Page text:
Most problems are identified using the tracing library, because we usually identify problems from the application layer, but it's still good to have that layer as well. Again, I think it's a transition, in two or three years a lot of this is going to be provided by the Cloud provider, and you're not gonna need it any more. I think it's pretty standard today.
What's next for Epsagon? Any plans to further extend your monitoring offerings to other Cloud providers or explore new areas such as Serverless management?
Expanding to more types of environment for sure, more programming languages as well. We already have five languages - Node, Python, Java. .Net, and Go. We are announcing the Azure capabilities first for Node, so we can do tracing, but we're going to quickly extend to Java, .Net, and then Python and Go as well. In AWS, we are covering the five languages as well as seeing some demand for Ruby, PHP and stuff like that.
We aren't going to focus exclusively on Serverless because we don't think that's what the market needs, we need to have a more coherent solution. And generally speaking, Security is something that is more interesting to other people in the organization. Today we are really focused on providing the best experience for Engineering and DevOps. So I don't think we're going to go into Security anytime soon. Rather, we will continue to improve and extend our offerings for Engineering and DevOps to make it the best product for Microservices on Cloud.
With such phenomenal growth over the last few years it's easy to forget that Epsagon is only 3 years old. What's your secret to getting such compelling products to market so quickly?
Yeah, things move quickly. We raised pretty significant funding rounds, which obviously helped us to hire the right people and then build the product quickly. And yeah, it's been a great journey, but it's really just the beginning. We are still a pretty small company, but we want to get much bigger than that. We just opened our HQ in New York and I moved to the US recently, so I guess for me it's really just the beginning. If you look back, you can show the great growth graphs and you can tell good stories to investors, but at the end of the day it's just the beginning and we want to do much, much more.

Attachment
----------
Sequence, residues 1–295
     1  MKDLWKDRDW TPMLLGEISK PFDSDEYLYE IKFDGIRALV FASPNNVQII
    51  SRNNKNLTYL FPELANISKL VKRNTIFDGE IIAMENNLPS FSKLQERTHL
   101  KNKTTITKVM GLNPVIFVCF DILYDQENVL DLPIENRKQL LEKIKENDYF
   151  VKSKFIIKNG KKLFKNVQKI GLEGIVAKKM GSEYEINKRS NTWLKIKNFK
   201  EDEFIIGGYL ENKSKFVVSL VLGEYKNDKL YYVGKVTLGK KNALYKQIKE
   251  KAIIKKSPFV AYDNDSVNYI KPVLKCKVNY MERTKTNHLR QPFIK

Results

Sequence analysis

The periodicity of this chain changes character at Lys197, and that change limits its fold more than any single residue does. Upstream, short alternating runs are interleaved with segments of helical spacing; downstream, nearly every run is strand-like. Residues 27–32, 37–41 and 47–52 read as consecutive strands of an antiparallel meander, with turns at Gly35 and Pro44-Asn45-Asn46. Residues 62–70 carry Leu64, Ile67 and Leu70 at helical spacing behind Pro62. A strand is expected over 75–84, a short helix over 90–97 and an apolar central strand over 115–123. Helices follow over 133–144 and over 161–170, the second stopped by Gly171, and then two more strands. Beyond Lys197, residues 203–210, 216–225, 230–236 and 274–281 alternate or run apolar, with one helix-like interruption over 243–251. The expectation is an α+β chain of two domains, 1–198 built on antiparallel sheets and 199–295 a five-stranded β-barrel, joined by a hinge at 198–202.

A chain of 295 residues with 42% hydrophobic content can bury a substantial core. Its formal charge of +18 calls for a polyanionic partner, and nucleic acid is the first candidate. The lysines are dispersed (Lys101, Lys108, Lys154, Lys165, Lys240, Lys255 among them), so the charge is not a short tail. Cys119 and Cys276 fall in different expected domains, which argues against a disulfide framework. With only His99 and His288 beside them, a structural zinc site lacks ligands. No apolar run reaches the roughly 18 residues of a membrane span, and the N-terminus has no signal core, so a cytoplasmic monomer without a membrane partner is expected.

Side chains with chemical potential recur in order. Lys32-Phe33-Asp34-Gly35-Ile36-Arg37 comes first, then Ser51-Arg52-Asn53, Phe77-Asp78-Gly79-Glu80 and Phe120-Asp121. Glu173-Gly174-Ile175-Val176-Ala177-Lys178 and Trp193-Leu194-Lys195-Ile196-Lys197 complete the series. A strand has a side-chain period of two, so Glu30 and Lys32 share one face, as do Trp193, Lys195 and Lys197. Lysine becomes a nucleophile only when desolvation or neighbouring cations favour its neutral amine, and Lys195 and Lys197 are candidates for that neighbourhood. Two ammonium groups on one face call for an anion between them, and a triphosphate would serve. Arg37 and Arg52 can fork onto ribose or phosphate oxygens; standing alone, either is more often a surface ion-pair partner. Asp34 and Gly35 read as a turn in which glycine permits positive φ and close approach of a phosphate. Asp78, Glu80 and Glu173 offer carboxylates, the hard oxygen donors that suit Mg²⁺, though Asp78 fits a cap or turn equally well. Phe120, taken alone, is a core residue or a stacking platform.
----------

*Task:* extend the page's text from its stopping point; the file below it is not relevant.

Any advice for the budding entrepreneurs out there? Perhaps share a little about what drives you personally every day...
The most important advice is to have really good people on the team, both the co-founders and the people you bring to the team early on, and the management team. Those are the people that make the company eventually. That's my observation at this point in time. If you are thinking about starting a company, I really like it, but I don't think it's for everyone. So for the people thinking about it, I would just say "go and do it" because today is a great time. There is a lot of technology in the market, you can meet great investors to raise raise money from. And you can be up and running relatively quickly. It's not easy, but it's definitely much more possible than it was before. I think it's a great journey, I really enjoy it and I would not want to do anything else. Definitely not at this point of my life.
Lastly, the role of Ops teams has undergone massive change in the last 10 years. In your own words, why do you think Ops matters today more than ever before?
I think the tools that are available today are growing rapidly. If you think about the Cloud, 10 years ago it was only a buzzword, but now they are some of the most successful companies in the world. So this is really the future. Anyone who thinks the Cloud is not the future, they're gonna change their mind in a year or two. It's important to understand that businesses need to abstract as many layers as they can in order to be the best at what they do. And the Cloud really enables youto do that, assuming you are a software business.
All those technologies are available to you, and the company, and the developers. And we've seen that companies are utilizing them very quickly. The Cloud providers will help you, of course, because they want you to use them. But later on you may find you've launched an application into production that was more complicated that you can handle. That's when having the right tools and the right people becomes really important, to make order from the mess, and to make sure that the Business can keep working while Engineering is deploying 100 times a day, or dozens of new Microservices each week. These are things that we see all the time.
If you don't have the right foundations in place, it becomes really difficult to manage and things are gonna break. And then you'll have to restart, which is not not very efficient. So I think that the role of Ops today is not just to monitor the servers, because you can let the Cloud provider do that, but rather to bridge the gap between those capabilities that are out there for you to use, and the people using them. And, of course, to make sure that nothing breaks as you grow.
Thanks to Nitzan for taking time out of his busy schedule to share his thoughts with the OpsMatters community. You can learn more about Applied Observability for Azure and Kubernetes by reading the new blog here.